Cool Editing Protocol

“Spatial montage represents an alternative to traditional cinematic temporal

montage, replacing its traditional sequential mode with a spatial one. Ford’s

assembly line relied on the separation of the production process into a set of

repetitive, sequential, and simple activities. The same principle made computer

programming possible: a computer program breaks a tasks into a series of

elemental operations to be executed one at a time. Cinema followed this logic of

industrial production as well. It replaced all other modes of narration with a

sequential narrative, an assembly line of shots which appear on the screen one at a

time. A sequential narrative turned out to be particularly incompatible with a

spatial narrative which played a prominent role in European visual culture for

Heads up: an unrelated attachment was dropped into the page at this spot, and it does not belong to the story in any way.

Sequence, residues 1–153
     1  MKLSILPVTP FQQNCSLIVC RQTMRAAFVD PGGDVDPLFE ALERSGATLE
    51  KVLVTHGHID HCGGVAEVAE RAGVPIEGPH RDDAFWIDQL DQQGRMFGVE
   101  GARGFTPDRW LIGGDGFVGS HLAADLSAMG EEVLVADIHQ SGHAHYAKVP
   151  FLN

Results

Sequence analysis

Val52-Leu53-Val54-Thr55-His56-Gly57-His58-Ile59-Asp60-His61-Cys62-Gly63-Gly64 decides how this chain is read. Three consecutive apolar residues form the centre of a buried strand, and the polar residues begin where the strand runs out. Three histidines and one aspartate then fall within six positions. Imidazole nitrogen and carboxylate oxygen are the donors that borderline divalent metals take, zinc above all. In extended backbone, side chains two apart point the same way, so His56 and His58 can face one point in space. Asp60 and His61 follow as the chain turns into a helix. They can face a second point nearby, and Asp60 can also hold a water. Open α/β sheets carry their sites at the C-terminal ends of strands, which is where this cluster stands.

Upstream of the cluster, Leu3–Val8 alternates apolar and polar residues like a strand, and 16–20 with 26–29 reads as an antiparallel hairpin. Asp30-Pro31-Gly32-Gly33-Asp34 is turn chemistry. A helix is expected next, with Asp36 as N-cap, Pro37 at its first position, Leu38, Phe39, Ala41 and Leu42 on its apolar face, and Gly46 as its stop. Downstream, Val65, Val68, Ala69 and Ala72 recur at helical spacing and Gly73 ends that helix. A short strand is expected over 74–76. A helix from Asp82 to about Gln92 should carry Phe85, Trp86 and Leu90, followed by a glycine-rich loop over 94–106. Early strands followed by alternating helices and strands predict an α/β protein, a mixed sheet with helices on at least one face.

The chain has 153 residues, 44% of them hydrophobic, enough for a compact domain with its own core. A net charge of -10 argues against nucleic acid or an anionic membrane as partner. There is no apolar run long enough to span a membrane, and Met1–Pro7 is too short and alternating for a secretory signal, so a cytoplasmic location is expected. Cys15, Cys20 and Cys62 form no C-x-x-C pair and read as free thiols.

centuries.” -Manovich (2001)

#WhiteElkTracer is artistic research exploring virtual space as the site of creative production; rather then uploading inferior representations of our lived experience it is about contructing new digital realities, mythologies and culture.

Traditional photography process is based on the strict adherence to a prescribed sequence. This research examines the sequence; Appropriate, Decimate and Disseminate. Adding daily entries to the blog for five weeks the process became refined into an editing protocol using Photoshop and free android photo editing applications, Cymera, Glitch! and Glitchr. This sequence creates cool looking photos and shall be called the Cool Editing Protocol or CEP.

If virtual space is public space then the camera of the virtual tourist is, right click, save to desktop, a term for this type of photography is appropriation. To take a snapshot of the virtual world you can take a screen shot or right click and save to desktop or point your camera at the screen and take a picture. Use Photoshop to create a montage of images.